The Early Canterbury Runs: Containing the First, Second and Third (new) Series
Peel Forest — (Run 13 N.Z.R., subsequently Runs 388 and 411)
(Run 13 N.Z.R., subsequently Runs 388 and 411)
This station originally covered all the country between the Rangitata and Orari rivers, and ran from the cross road just below the Upper Orari Bridge, up to Peel Forest itself, and took in the low spurs running from Little Mt. Peel towards the Orari. At one time the tenants claimed the country as far as Mt. Peel Creek, but this was never stocked until it became part of Mt. Peel.
Peel Forest was allotted to Francis Jollie on 1st November, 1853, and is described in the license, which was issued by Colonel Campbell, as Run 12, comprising twenty-five thousand acres. When the runs outside the Block were placed under the Provincial Government's administration, W. G. Brittan, the Commissioner of Lands, issued a new license for twenty-seven thousand three hundred acres, the new license being numbered 13, N.Z.R. On 30th May, 1861, this license was exchanged for Runs 388 and 411 under the Canterbury Regulations, Run 388 being surrendered and given to Tripp and Acland of Mt. Peel a few years later.
By 1854 Jollie was carrying 1382 sheep, and his manager was Bayley Pike. Jollie built the homestead where it still stands on the edge of the Forest, but his manager appears to have lived at first on the Orari flat below Silverton—Mrs J. M. H. Tripp's present house. In 1856 Gibson, the then manager, lived there, but in the 'sixties the run was worked from the Creek Station, where Jollie's next manager—his step-son Edward Cooper—lived. The Creek Station, with a few acres page 138about it, was leased to T. P. Bartrum from 1879 onwards, and he established a wool scour there. It was on the eastern boundary of the run, below where the Geraldine road crosses Cooper's Creek.
Jollie, a brother of Edward Jollie, the Chief Surveyor, had settled at Nelson in the forties. When the Canterbury Association began operations, a run as near the Block as possible was the ambition of many of the ' pre-Adamite ' settlers.
Jollie is said to have built his homestead as far as possible from his working station because the bleating of sheep annoyed his wife, and if any came near her house she used to send the cowboy to drive them away with a stockwhip.
Jollie died in 1870 and his wife about the same time, after which the station devolved upon Edward Cooper. Cooper lived on at the Creek Station, but built a new working station on the land afterwards sold to R. Marshall, where lived E. R. Guinness, who became Cooper's manager in July, 1877, and remained until July, 1879, after the station had been sold. Cooper let the homestead to Sir Thomas Tancred, and afterwards to Arthur Hawdon—both retired squatters.
In September, 1878, Cooper sold the station, which then comprised about seven thousand acres of freehold, twelve thousand acres of leasehold, and about 13,000 sheep, and retired to Melbourne. The purchasers were Smith, Dennistoun and Co., and the partners in this firm were George Grey Russell (partner in Ritchie and Russell, of Dunedin, and owner of Otipua Station, near Timaru), H. J. le Cren (Timaru), W. Cunningham-Smith, and George James Dennistoun (who had been a midshipman in the Navy). Russell and le Cren were originally the senior partners. Cunningham-Smith and Dennistoun had recently owned Haldon Station, in the Mackenzie Country, in partnership with Wallace. Dennistoun was the managing partner and the only one of them who lived on the station. His overseers were William Turton, and from 1883 to 1913 Thomas Frazer, who now farms part of the old freehold. Frazer was succeeded by Jack Turton, who had been head page 139shepherd at Mt. Peel, and came to Peel Forest in 1899.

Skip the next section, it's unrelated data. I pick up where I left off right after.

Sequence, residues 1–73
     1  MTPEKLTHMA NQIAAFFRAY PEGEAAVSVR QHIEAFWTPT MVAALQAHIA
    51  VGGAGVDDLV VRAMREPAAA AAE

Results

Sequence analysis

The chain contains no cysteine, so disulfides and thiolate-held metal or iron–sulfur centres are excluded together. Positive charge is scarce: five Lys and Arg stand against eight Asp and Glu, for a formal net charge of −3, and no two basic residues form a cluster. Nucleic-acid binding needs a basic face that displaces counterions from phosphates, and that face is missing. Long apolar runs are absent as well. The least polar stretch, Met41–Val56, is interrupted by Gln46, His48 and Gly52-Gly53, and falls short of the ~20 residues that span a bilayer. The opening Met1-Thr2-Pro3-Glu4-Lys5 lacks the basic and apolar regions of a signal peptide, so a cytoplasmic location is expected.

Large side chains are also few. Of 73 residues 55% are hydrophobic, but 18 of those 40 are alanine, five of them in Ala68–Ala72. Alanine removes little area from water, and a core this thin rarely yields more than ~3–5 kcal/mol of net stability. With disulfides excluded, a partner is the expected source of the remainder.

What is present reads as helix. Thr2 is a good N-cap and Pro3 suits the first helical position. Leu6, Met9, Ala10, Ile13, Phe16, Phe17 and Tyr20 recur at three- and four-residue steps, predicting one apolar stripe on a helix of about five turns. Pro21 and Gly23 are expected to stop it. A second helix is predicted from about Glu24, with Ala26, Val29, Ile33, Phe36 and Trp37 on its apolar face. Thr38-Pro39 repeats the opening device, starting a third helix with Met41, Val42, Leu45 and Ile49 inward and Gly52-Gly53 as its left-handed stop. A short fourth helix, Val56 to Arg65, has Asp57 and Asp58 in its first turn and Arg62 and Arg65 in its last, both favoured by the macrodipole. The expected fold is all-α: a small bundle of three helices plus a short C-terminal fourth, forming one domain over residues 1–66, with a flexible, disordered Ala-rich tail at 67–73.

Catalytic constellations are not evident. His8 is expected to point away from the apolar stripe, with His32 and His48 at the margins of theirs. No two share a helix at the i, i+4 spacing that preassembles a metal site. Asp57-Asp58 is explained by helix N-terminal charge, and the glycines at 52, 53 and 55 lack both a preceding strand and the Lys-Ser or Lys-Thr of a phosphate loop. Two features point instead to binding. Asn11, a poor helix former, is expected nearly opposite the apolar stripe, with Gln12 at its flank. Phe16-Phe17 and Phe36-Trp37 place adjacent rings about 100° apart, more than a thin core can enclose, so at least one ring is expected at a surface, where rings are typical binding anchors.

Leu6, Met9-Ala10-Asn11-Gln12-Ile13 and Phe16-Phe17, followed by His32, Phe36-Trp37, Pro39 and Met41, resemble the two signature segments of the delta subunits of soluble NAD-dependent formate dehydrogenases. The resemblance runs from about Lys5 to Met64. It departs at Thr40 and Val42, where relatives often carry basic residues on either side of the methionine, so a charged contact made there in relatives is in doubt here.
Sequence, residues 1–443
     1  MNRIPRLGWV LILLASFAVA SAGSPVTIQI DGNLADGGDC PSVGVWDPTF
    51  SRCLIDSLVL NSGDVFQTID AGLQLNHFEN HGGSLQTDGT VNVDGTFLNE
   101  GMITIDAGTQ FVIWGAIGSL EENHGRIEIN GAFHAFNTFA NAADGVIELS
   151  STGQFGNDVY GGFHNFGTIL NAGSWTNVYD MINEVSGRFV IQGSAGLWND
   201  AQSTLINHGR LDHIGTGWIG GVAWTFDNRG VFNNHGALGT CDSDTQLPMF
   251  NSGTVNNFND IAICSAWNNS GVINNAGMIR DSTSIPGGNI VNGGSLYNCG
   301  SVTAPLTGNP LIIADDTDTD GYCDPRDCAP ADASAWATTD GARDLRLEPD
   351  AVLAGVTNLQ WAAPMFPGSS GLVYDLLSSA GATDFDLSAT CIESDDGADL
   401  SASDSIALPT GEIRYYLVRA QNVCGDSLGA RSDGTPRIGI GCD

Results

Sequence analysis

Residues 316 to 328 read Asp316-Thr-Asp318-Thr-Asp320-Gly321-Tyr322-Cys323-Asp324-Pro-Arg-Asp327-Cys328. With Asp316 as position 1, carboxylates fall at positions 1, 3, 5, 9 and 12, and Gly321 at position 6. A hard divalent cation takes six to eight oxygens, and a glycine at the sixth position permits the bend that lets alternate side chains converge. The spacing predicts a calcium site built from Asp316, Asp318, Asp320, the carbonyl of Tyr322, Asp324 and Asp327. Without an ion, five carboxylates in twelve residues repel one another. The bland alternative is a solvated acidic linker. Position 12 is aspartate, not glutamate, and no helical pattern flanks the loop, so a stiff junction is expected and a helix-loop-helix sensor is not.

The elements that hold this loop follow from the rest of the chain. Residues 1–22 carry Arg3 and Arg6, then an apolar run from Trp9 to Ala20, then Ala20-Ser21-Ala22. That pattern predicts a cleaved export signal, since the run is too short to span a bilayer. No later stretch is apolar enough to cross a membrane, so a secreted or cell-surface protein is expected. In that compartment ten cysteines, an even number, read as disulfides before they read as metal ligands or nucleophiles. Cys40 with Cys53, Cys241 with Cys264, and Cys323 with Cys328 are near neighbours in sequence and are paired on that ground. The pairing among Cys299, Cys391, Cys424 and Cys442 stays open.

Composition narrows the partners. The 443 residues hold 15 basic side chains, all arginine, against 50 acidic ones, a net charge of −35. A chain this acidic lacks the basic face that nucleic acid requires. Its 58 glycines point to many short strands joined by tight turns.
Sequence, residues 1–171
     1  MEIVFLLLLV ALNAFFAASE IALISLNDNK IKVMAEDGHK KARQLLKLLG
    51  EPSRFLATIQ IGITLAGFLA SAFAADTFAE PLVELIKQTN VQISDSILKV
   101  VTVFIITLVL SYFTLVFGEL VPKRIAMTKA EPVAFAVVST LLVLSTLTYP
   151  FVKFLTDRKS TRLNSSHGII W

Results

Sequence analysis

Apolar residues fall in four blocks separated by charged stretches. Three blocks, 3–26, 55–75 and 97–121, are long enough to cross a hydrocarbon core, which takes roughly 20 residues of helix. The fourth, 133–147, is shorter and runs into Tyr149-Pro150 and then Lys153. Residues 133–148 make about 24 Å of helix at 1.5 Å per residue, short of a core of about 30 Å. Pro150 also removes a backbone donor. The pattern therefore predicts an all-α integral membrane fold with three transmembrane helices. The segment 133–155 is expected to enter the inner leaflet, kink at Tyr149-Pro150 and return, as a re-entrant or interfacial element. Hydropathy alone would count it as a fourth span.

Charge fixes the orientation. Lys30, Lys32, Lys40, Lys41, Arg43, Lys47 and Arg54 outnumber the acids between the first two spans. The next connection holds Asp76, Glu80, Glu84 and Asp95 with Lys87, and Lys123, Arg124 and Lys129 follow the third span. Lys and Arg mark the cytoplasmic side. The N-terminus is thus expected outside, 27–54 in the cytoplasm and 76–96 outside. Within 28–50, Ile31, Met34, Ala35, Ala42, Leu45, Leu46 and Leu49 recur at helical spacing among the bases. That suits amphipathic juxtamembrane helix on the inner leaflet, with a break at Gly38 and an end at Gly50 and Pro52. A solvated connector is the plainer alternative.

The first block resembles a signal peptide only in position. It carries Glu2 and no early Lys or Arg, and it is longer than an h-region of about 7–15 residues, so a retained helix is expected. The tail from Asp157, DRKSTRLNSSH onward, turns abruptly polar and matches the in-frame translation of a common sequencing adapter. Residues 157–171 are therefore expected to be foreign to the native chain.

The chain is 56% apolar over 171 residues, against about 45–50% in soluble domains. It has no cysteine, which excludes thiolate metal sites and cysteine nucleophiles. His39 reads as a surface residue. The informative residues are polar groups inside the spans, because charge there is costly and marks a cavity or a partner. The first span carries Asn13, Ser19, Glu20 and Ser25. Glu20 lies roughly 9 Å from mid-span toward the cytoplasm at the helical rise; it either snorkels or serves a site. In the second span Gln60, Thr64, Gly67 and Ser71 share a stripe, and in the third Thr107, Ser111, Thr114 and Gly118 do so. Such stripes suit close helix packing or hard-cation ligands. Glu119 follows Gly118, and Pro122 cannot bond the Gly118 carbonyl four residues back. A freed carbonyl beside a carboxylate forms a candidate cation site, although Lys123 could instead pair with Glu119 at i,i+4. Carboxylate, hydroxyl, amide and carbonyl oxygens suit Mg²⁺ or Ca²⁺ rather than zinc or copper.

Dennistoun went to England in 1914, leaving Turton in charge, and he is still there.* He takes a very great pride in the station and his long connection with it.
When the old leases expired in 1889, the Government knocked down the pastoral runs to the highest bidders. Postlethwaite of Raukapuka out-bid Smith, Dennistoun and Co., for their run country, which, however, did not make his fortune. This hill country was some years ago subdivided into three grazing runs.
Jollie, Cooper, and Smith, Dennistoun and Co., at various times had made freehold some eight thousand five hundred acres of that part of the run which lay on the plains, and the partners went on with this.
In January, 1894, Cunningham-Smith left the firm, and a year or so later, le Cren having died, Russell and Dennistoun bought his interest also.
In September, 1903, Russell, wishing to wind up his New Zealand affairs, sold his share to Dennistoun, who then became the sole owner of the station, which at that time consisted roughly of eight thousand acres of freehold and carried 8500 sheep. During the following eighteen months much land was sold and the area reduced to five thousand four hundred acres. By a second sale in 1913, which included the woolshed block (now Marshall's farm), the property was brought down to its present size, i.e. about two thousand three hundred acres with 2300 sheep, and a new woolshed was built near the old homestead at the edge of the Forest.
The several owners of Peel Forest have all been men of taste, and great tree planters, and the glorious view, native bush and trim gardens make it one of the most beautiful homesteads in Canterbury.
Dennistoun died in England during the 1914-18 War (at which his elder son died of wounds in the hands of the enemy), and Peel Forest is now occupied by his page 140younger son, Commander Dennistoun, who manages the station for his father's executors.